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Atmospheric Chemistry and Physics An interactive open-access journal of the European Geosciences Union
© Author(s) 2018. This work is distributed under
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Research article
27 Mar 2018
Review status
This discussion paper is a preprint. A revision of the manuscript is under review for the journal Atmospheric Chemistry and Physics (ACP).
Vertical and horizontal distribution of regional new particle formation events in Madrid
Cristina Carnerero1,2, Noemí Pérez1, Cristina Reche1, Marina Ealo1, Gloria Titos1, Hong-Ku Lee3, Hee-Ram Eun3, Yong-Hee Park3, Lubna Dada4, Pauli Paasonen4, Veli-Matti Kerminen4, Enrique Mantilla5, Miguel Escudero6, Francisco J. Gómez-Moreno7, Elisabeth Alonso-Blanco7, Esther Coz7, Alfonso Saiz-Lopez8, Brice Temime-Roussel9, Nicolas Marchand9, David C. S. Beddows10, Roy M. Harrison10,11, Tuukka Petäjä4, Markku Kulmala4, Kang-Ho Ahn3, Andrés Alastuey1, and Xavier Querol1 1Institute of Environmental Assessment and Water Research (IDAEA - CSIC), Barcelona, 08034, Spain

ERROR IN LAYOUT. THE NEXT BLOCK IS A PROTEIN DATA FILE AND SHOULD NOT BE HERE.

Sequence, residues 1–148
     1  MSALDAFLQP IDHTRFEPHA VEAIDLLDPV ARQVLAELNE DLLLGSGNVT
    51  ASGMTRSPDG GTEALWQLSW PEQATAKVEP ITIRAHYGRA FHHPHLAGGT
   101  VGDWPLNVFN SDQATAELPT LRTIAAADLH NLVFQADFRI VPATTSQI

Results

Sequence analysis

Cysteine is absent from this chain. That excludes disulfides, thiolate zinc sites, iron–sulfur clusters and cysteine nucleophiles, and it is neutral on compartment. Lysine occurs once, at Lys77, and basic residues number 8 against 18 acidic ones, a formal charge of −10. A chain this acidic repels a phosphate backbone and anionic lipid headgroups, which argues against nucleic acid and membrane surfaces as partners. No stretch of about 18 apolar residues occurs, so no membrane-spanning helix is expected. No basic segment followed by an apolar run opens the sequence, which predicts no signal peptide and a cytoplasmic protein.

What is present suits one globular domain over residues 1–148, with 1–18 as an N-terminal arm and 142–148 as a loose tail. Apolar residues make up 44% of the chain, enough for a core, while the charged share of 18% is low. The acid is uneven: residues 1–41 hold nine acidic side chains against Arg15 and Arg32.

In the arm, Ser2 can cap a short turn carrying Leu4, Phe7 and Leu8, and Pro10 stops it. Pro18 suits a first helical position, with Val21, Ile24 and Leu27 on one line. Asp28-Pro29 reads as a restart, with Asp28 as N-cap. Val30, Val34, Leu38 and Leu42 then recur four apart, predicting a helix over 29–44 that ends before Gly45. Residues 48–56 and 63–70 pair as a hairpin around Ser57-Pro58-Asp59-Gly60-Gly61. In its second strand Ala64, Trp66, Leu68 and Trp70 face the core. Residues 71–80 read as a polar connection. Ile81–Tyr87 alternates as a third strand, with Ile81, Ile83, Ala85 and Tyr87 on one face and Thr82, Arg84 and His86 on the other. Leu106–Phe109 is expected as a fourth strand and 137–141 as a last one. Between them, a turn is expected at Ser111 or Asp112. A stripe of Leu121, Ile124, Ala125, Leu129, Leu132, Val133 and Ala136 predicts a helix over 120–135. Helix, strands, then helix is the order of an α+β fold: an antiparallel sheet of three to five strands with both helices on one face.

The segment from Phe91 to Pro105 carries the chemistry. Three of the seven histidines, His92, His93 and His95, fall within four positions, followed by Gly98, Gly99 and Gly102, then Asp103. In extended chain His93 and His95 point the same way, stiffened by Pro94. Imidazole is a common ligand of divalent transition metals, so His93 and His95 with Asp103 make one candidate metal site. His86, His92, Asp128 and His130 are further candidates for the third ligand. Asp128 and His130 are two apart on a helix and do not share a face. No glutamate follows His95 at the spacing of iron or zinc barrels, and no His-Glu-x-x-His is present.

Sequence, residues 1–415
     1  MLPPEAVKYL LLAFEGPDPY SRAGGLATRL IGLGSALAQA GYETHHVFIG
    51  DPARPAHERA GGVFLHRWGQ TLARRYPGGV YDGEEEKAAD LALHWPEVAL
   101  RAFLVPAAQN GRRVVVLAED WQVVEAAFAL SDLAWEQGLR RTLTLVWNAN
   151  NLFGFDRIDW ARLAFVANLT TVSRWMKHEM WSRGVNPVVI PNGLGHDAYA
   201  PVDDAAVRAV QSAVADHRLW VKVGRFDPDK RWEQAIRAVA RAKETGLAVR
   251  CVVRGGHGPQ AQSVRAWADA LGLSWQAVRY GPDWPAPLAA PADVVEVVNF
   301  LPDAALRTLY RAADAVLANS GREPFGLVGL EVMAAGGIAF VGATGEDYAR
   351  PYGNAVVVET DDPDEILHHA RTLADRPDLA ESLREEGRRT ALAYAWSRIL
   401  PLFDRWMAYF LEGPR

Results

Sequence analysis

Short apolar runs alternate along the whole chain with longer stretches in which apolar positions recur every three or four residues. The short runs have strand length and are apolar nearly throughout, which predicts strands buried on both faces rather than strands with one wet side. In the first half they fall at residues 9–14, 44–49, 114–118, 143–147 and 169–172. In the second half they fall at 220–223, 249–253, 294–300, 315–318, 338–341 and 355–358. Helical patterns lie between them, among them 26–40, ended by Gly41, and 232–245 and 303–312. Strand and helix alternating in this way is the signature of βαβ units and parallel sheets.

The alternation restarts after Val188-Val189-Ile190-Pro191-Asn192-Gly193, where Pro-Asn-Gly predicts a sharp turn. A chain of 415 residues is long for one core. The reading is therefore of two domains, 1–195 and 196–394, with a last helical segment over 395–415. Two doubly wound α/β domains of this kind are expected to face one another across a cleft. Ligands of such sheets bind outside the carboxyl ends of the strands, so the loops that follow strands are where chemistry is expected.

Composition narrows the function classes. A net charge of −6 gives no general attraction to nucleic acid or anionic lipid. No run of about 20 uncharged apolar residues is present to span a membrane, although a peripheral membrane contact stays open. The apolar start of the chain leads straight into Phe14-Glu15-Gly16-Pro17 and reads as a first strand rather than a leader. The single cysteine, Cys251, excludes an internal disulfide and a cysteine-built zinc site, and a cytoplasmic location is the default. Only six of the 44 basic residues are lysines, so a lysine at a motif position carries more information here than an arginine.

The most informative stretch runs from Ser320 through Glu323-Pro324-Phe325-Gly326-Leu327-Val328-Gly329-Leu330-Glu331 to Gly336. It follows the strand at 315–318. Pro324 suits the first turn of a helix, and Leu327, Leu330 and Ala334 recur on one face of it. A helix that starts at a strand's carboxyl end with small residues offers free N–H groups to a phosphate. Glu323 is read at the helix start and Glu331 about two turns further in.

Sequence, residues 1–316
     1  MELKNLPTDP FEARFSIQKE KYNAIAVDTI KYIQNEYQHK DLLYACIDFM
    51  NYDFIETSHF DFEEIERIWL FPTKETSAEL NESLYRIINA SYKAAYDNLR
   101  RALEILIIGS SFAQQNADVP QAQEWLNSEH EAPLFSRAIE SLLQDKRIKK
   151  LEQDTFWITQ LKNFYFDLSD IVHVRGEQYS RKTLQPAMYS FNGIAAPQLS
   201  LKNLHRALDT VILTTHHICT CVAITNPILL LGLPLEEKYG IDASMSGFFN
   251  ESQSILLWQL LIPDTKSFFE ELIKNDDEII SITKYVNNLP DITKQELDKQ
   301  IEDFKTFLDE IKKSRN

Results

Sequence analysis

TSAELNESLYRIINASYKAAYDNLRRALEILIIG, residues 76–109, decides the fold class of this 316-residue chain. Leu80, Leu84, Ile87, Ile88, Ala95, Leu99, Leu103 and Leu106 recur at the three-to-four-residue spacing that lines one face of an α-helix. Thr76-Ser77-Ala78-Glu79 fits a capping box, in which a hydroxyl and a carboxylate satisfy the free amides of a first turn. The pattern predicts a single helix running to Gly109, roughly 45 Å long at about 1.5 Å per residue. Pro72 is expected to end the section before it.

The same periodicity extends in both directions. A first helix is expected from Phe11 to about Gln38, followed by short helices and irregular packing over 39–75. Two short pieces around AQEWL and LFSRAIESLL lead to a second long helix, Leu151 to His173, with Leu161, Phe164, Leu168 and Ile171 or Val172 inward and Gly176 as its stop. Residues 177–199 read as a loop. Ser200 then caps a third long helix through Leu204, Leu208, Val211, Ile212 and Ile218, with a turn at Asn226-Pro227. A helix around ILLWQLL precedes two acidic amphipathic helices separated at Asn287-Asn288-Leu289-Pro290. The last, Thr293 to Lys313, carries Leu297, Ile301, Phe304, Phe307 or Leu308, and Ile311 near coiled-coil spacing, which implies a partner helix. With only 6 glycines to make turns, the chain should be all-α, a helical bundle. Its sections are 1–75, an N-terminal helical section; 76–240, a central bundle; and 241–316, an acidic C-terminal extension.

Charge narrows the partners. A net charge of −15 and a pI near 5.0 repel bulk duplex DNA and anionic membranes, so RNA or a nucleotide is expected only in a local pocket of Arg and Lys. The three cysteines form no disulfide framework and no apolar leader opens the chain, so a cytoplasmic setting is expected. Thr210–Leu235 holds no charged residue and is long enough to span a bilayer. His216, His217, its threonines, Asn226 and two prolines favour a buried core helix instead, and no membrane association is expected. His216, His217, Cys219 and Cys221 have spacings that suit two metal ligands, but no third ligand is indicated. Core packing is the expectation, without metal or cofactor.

2Department of Civil and Environmental Engineering, Universit at Politècnica de Catalunya, Barcelona, 08034, Spain
3Department of Mechanical Engineering, Hanyang University, Seoul, Republic of Korea
4Department of Physics, University of Helsinki, Helsinki, 00560, Finland
5Centro de Estudios Ambientales del Mediterráneo, CEAM, Paterna, 46980, Spain
6Centro Universitario de la Defensa de Zaragoza, Academia General Militar, Zaragoza, 50090, Spain
7Department of Environment, Joint Research Unit Atmospheric Pollution CIEMAT, Madrid, 28040, Spain
8Department of Atmospheric Chemistry and Climate, Institute of Physical Chemistry Rocasolano (IQFR - CSIC), Madrid, 28006, Spain
9Aix Marseille Univ, CNRS, LCE, Marseille, 13003, France
10National Centre for Atmospheric Science, University of Birmingham, B15 2TT, United Kingdom
11Department of Environmental Sciences, Centre for Excellence in Environmental Studies, King Abdulaziz University, 20 Jeddah, 21589, Saudi Arabia